Rather than being woken by their alarm clocks this morning, those living in Rutland in the East Midlands were shook from their sleep by a 3.2 magnitude earthquake.
Confirmed by the British Geological Survey, the quake's epicentre was in the market town of Oakham, occurring at around 7.07 am with a depth of 4km. Locals noted that their houses shook for as long as ten seconds, while the effects of the earthquake were felt 27 miles south in Wellingborough. Thankfully, no one was hurt and no property was damaged -- the BGS stated that it's unusual to see damaging effects from earthquakes measuring less than 4.5 on the richter scale.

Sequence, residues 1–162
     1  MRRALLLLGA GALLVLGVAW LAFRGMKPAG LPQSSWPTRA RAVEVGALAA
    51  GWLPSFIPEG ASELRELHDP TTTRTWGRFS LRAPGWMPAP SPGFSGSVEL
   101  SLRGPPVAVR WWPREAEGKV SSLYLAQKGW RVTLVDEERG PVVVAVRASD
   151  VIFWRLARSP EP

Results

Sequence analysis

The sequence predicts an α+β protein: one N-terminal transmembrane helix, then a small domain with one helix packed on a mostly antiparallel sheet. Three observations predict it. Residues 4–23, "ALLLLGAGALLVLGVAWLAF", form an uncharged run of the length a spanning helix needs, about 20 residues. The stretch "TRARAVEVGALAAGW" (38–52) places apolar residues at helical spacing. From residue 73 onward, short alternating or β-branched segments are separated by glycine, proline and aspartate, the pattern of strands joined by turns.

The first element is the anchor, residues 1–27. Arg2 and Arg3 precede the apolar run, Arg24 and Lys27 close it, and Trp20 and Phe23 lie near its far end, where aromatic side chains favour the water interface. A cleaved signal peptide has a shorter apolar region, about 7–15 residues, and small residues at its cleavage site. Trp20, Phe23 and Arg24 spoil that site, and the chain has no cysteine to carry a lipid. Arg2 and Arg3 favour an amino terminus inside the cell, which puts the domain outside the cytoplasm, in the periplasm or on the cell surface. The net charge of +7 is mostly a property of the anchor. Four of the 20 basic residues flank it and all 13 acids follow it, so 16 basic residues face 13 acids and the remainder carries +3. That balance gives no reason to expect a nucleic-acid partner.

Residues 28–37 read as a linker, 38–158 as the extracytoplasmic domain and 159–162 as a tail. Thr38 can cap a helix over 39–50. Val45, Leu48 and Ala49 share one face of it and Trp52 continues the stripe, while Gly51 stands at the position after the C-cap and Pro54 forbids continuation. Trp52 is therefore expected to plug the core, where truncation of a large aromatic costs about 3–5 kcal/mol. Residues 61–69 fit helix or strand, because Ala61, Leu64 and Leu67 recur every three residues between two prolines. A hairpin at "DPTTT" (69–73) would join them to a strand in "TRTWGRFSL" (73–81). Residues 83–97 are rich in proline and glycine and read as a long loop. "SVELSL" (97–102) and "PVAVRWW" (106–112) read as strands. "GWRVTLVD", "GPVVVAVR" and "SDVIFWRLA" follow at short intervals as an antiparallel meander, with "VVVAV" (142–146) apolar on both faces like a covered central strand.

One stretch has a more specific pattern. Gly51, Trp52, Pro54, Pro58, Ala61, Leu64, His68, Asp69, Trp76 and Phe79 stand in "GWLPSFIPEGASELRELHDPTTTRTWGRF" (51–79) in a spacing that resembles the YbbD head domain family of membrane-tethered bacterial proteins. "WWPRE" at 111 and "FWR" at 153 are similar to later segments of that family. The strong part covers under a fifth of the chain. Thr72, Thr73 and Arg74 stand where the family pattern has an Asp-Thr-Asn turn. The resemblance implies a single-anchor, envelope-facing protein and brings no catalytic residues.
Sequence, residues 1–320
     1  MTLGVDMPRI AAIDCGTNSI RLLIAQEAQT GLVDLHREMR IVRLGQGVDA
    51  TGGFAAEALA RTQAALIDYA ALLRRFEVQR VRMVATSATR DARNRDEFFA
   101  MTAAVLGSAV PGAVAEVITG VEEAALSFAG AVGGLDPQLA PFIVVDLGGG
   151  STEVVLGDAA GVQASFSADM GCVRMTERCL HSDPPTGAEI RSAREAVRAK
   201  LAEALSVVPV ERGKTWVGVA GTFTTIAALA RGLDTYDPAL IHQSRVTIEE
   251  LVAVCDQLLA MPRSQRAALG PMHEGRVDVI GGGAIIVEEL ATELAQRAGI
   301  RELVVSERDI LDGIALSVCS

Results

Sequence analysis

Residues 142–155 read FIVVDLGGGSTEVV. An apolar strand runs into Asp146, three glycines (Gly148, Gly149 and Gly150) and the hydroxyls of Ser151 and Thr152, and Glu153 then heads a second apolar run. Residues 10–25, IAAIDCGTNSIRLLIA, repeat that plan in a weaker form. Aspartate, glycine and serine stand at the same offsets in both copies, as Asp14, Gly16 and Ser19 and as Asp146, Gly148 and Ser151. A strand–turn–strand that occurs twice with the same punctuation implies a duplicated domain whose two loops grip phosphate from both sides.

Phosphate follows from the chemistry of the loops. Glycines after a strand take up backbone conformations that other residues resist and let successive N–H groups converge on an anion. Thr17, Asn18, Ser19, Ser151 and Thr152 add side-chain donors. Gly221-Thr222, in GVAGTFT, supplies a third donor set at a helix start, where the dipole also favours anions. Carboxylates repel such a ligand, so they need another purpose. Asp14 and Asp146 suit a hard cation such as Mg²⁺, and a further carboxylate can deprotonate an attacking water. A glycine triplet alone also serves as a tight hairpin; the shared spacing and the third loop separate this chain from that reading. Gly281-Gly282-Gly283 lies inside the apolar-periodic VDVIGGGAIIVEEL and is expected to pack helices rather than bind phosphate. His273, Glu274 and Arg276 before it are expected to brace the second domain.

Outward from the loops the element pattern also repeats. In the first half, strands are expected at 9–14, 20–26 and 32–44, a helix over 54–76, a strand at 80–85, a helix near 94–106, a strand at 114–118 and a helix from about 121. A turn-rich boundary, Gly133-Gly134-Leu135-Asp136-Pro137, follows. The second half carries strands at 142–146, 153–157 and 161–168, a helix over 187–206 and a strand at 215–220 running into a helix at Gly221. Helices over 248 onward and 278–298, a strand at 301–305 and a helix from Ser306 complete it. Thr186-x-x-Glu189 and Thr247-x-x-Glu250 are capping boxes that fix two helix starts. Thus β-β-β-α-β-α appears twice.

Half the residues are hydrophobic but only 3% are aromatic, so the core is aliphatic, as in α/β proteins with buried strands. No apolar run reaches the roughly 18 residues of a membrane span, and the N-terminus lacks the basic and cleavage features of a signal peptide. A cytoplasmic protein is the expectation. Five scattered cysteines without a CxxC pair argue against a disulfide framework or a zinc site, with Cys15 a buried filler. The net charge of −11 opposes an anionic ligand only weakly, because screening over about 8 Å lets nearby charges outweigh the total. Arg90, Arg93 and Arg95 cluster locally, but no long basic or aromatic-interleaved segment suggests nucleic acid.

By comparison, this morning's quake saw earth movement 100,000 times less severe than the 8.2 magnitude earthquake that struck Chile earlier this month, with a release of energy 33,500,000 times smaller.
The UK is hit by 30 earthquakes a year that can be felt by people, and hundreds more that can only be tracked by specialised equipment. Factors including the release of pressure from geological faults, landslides, local mining facilities and fracking can all contribute to quakes. [ITV]